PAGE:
A desktop assessment was completed prior to fieldwork that collated documentary sources (maps and aerial photographs) into a GIS database for a chronological comparison with modern mapping information. The historic 1854 General Land Office (GLO) maps indicate that the tract of land that McCree Cemetery occupies was originally owned by (Harrison) H. Hustead (Figure 28) and still appears on the 1886 GLO maps, 20 years after the cemetery had been established. The lack of mention of the McCree’s ownership is likely the result of a relatively common practice of failing to record subdivisions of the original property in early land ownership maps.
The first depiction of the McCree Cemetery appears on the 1900 Sam Street map with a series of crosses/gravestone markers and the word graveyard plotted on the southwest corner of the Hustead tract (Figure 29). The church associated with McCree Cemetery is first plotted on the 1920 USDA Dallas County soil map. The map plots the location of the cemetery with McCree Church immediately to the north of the cemetery (Figure 30). This confirms the church was built pre-1920 on the northern extent of the current cemetery boundary, but the exact date of construction is unknown. Local church groups used the building and the Rodgers Baptist Church congregation took over the building in the 1930s after their original church was razed to the ground by a fire. This has contributed to McCree Cemetery occasionally being incorrectly referred to as Rodgers, or Roger Cemetery (Wheat and Morgan 2002).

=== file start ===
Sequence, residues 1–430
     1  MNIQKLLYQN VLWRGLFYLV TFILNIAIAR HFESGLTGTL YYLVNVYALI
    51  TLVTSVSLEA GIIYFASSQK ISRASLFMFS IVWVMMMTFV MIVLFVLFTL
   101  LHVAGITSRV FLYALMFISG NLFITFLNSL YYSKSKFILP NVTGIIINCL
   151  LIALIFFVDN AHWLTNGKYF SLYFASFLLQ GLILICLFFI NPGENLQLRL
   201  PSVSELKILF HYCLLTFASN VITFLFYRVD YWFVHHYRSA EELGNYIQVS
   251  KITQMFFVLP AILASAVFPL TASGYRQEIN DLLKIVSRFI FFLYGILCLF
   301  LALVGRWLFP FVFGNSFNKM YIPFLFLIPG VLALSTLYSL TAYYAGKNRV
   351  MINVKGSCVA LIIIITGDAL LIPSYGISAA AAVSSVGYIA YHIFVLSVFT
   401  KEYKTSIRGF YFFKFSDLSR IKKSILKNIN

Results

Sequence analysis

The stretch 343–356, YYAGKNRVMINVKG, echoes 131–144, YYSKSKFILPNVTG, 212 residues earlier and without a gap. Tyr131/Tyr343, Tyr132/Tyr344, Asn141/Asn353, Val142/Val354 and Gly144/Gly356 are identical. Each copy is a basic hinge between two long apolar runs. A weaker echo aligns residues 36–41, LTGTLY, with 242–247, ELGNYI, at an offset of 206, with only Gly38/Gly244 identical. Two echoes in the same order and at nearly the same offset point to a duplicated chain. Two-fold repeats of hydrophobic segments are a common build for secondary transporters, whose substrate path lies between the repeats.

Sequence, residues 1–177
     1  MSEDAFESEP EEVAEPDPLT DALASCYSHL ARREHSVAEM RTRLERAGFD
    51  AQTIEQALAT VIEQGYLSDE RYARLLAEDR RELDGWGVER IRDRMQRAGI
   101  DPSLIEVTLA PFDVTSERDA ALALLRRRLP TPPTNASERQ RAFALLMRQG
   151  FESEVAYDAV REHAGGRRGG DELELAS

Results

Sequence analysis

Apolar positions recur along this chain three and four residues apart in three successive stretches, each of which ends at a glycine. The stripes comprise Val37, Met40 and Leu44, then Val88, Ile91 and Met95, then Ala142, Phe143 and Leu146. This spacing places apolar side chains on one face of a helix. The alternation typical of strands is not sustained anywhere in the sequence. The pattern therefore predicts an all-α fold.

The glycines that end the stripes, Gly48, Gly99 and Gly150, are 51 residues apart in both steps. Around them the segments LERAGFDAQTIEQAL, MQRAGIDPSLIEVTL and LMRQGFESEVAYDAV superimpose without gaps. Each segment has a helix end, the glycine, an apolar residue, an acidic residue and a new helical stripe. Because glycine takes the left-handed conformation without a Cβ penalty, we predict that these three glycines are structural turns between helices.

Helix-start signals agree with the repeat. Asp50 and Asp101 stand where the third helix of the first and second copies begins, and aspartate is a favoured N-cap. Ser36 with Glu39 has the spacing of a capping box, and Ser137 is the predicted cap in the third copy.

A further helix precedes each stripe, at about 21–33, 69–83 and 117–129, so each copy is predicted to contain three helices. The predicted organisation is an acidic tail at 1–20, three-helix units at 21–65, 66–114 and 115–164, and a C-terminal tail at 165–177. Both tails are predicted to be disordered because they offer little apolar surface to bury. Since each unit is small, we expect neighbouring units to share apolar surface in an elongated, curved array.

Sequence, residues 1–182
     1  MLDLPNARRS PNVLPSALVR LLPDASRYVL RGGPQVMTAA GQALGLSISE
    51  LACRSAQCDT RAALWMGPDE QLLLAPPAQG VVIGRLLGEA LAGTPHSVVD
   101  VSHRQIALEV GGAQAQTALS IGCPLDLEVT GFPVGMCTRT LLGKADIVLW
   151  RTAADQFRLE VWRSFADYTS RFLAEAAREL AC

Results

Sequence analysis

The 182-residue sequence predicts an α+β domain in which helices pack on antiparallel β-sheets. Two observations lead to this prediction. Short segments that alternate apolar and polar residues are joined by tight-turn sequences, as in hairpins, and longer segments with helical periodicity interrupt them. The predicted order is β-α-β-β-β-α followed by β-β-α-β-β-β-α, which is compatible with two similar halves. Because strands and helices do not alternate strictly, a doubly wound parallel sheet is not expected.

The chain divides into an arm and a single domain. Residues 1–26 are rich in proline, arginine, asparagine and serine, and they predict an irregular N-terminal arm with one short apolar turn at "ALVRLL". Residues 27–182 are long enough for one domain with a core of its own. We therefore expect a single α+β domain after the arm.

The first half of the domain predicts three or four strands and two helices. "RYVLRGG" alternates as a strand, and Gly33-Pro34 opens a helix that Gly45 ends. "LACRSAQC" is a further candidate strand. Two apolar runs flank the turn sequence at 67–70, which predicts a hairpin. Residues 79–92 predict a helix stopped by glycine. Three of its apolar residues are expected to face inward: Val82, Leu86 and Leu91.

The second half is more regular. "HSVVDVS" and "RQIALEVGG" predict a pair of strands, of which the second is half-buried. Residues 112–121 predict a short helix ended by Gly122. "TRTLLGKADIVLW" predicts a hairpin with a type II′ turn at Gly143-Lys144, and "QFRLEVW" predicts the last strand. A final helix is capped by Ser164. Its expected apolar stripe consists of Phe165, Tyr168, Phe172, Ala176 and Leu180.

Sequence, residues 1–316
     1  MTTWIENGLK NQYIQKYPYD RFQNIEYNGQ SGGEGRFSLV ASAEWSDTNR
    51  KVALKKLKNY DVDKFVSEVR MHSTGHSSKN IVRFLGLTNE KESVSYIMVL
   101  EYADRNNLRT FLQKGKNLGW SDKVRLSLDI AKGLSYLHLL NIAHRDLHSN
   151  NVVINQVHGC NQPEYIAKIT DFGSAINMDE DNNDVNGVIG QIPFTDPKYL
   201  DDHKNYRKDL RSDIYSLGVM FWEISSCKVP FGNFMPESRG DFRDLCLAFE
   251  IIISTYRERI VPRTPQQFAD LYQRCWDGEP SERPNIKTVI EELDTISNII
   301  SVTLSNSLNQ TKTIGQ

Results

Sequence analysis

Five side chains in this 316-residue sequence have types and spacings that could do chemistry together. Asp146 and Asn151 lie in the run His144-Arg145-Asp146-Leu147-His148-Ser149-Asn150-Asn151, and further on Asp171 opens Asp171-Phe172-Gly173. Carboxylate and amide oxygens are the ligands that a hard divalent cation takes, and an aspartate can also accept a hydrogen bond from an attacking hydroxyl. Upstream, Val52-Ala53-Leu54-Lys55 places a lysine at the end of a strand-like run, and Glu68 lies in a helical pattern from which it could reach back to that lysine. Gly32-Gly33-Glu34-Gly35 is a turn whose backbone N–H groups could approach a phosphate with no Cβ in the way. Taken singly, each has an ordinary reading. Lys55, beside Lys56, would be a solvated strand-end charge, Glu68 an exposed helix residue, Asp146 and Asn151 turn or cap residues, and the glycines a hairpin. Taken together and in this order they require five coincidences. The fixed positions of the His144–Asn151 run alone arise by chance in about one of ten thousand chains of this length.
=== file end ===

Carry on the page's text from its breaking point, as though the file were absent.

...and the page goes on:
The 1930 City of Dallas aerial photograph is the first aerial photograph of the cemetery (Figure 31). Unfortunately the flightpath clipped the northern portion of the cemetery; therefore, the church is not visible in the image. However, the church is visible in the 1938 Tobin aerial photograph as a small rectangular structure (Figure 32). A roadway runs east-west up to the church and cemetery but low-lying clouds obscure the cemetery apart from the western boundary.